With nearly six months of the presidency under his belt, Donald Trump appears no closer to becoming the first sitting American president to visit Central Asia. But that shouldn’t obscure the fact that the president’s relations with Central Asia — namely, with those standing in opposition to the current Kazakhstani government — are the strangest we’ve seen from the White House over the past quarter-century. Not only did Trump nearly see his name as the tallest thing in the entire region, but, as recent reports have detailed, the president’s properties have served as alleged fronts for money-laundering for Kazakhstan’s exiled opposition.
Last week, the Financial Times reported that one of the key figures surrounding Trump’s post-Soviet projects is apparently cooperating with investigators searching for information pertaining to Central Asian investments into Trump property. Wrote FT, Felix Sater — a felon and “fixer” for post-Soviet actors looking to move money abroad — has agreed to help investigators who are digging for further information pertaining to dealings of Viktor Khrapunov, Kazakhstan’s erstwhile energy minister and former mayor of Almaty. As previously reported, Khrapunov’s family allegedly used multiple shell companies to purchase a trio of Trump SoHo properties. The total expenditures on these properties ran $3.1 million. Continued FT, “It is unclear how much money has flowed from the alleged Kazakh laundering scheme to Mr. Trump.”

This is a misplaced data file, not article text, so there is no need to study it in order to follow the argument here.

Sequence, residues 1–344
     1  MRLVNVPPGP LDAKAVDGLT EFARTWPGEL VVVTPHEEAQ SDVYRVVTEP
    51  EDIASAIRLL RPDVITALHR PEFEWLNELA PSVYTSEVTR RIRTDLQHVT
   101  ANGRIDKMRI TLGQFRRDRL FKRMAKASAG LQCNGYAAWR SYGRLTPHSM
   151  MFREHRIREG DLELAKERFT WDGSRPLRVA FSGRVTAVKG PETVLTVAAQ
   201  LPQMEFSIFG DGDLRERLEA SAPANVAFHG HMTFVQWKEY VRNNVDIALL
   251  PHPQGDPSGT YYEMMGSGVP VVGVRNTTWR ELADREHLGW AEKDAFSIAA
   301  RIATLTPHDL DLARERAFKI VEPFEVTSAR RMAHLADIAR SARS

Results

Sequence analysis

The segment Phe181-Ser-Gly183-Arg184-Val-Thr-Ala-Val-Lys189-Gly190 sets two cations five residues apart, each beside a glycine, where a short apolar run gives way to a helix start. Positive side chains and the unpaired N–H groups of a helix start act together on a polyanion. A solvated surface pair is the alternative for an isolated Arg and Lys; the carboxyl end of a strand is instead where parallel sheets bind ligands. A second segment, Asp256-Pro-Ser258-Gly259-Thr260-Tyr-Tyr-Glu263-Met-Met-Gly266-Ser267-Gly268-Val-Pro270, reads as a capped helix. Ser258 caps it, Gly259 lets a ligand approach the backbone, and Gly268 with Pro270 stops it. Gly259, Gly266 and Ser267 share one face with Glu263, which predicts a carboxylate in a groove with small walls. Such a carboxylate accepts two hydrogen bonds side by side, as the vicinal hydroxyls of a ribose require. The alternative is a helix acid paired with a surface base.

Elsewhere, Sater’s Bayrock Group, a real estate development firm, had partnered with Trump — a relationship that brought marked scrutiny to Trump’s dealings, given Sater’s own criminal background and mob ties. However, the revelation that Sater appears to be cooperating with investigators will likely mean that further revelations — about Khrapunov’s ties to the shell companies that purchased Trump properties, as well as Trump’s broader post-Soviet ties — will likely be forthcoming.
Likewise, any information unearthed within the ongoing query surrounding Khrapunov may well be included within another investigation, led by special prosecutor Robert Mueller, into Russia’s role in the 2016 American presidential election. As Quartz reported, Sater’s participation may even prompt Mueller to expand his investigation into Trump’s real estate sales that much further, a move that may well make the White House even more “uncomfortable” than it already is. After all, Sater didn’t only carry a Trump Organization business card at one point, but he was one of the few who has accompanied Trump to the place that many of these questions continue to lead: Moscow.